Why New York Giant Saquon Barkley doesn't plan to spend a dime of his NFL money


New York Giants running back Saquon Barkley is an NFL rookie who is already thinking about the smart ways in which he plans spend and invest his millions.

In a recent interview with ESPN at the CC Sabathia Celebrity Softball Game, Barkley says he plans to follow NFL veteran Marshawn Lynch's financial method. It was previously reported that Lynch doesn't touch any of his earnings from the NFL and instead lives completely off the money he makes from endorsements.

"When I declared for the NFL draft and kind of realized where I was going to be drafted, that was something I was like, 'You know what? Kind of want to follow the Marshawn Lynch method. I don't want to touch that. I want to invest it, put it in the right peoples' hands and learn as I continue to make investments. And just live off the endorsement deals,'" he told ESPN.

In 2016, Lynch announced his plan to retire from the NFL. At the time, Ian Rapport of the NFL Network reported that the athlete was in good financial standing and hadn't spent a dime of the $49.7 million he had reportedly made from the league. Instead, Rapport said Lynch had been living off of his endorsement deals, from which he earned an estimated $5 million per year.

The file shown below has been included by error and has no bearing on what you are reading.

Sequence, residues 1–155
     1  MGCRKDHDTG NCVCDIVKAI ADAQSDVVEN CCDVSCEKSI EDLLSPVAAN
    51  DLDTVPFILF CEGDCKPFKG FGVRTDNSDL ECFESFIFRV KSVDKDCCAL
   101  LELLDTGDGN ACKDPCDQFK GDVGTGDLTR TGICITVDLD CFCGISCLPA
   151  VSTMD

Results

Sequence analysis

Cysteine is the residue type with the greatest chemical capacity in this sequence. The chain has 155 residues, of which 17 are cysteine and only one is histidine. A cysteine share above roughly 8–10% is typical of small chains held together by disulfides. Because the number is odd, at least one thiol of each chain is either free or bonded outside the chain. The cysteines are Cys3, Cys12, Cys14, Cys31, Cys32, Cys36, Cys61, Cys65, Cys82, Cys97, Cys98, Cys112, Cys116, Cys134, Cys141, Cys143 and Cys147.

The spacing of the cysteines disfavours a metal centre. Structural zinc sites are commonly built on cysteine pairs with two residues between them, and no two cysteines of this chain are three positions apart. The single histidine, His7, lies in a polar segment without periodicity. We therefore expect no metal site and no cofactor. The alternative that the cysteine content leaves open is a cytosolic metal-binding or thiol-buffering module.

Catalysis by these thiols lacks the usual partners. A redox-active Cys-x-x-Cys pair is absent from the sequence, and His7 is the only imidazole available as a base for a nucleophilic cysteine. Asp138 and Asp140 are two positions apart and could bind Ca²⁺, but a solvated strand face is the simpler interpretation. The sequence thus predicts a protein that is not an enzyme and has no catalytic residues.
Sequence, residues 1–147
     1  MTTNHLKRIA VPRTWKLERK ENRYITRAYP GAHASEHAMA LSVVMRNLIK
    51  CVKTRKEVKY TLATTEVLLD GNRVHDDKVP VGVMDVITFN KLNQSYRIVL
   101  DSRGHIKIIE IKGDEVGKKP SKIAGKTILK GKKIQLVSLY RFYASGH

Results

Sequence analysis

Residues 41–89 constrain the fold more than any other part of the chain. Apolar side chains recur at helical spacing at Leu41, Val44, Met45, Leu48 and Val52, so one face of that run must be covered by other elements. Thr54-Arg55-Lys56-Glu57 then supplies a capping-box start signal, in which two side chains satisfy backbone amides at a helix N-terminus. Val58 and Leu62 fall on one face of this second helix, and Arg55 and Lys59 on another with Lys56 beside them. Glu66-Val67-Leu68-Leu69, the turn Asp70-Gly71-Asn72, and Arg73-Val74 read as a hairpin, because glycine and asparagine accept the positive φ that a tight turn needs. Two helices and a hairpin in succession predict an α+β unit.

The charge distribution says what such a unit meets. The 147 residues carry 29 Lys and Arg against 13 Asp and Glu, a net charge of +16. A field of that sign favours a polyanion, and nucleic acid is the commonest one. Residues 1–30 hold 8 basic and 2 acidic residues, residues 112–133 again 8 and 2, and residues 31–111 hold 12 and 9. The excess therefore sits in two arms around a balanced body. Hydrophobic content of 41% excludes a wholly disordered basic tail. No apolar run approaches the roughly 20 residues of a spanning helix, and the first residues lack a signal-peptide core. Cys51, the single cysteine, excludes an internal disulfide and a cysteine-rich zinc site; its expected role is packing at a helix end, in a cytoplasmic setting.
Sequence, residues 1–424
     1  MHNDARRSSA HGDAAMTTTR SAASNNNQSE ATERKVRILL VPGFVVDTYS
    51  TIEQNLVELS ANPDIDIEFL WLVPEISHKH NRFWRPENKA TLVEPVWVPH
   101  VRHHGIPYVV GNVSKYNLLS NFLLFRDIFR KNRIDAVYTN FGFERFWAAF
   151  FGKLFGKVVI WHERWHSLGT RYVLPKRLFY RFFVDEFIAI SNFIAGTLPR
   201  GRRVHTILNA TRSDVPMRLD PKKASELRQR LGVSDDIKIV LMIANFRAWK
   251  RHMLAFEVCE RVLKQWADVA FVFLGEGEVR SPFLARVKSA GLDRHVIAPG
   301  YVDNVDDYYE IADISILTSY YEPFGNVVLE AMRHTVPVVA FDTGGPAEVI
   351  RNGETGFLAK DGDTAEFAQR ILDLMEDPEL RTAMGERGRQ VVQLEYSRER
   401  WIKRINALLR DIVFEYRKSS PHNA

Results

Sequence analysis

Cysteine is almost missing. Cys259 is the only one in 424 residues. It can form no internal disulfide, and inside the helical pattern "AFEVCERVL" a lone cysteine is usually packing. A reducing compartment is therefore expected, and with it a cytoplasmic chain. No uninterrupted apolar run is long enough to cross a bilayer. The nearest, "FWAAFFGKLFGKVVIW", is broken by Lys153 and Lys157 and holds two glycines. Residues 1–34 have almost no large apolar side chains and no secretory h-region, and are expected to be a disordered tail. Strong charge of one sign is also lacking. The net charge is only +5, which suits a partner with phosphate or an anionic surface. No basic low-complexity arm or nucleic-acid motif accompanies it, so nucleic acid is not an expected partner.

Lynch later told Sports Illustrated that while it's not completely true that he never spent any of his NFL earnings, he is very mindful of how he spends his money.

"Once you've seen the lowest of the low, you don't want to go back," said Lynch, who has since returned to playing in the NFL. "But, like I told you before, it's not me — I have a good team and some smart family members around me."

Following in Lynch's financial footsteps could be good for Barkley, who who was selected No. 2 in the overall draft by the New York Giants. He is expected to sign a four-year contract worth $31.2 million, making him one of the league's highest-paid running backs.

Already, he is signed to Jay Z’s Roc Nation Sports and has endorsement deals with Nike, Pepsi and Panini America so far. Recently, he used some of his endorsement money to buy his parents a 3,400-square-foot home with four bedrooms and three bathrooms. He says purchasing the home was a promise he made his parents when he was a young kid.

"I kind of left it up to my mom. I said, 'You pick a house that you like and you feel that will be comfortable enough for you and Dad and the rest of the family,'" he tells ESPN. "And she decided on that home. To be able to buy a house is truly probably the best accomplishment I have so far."

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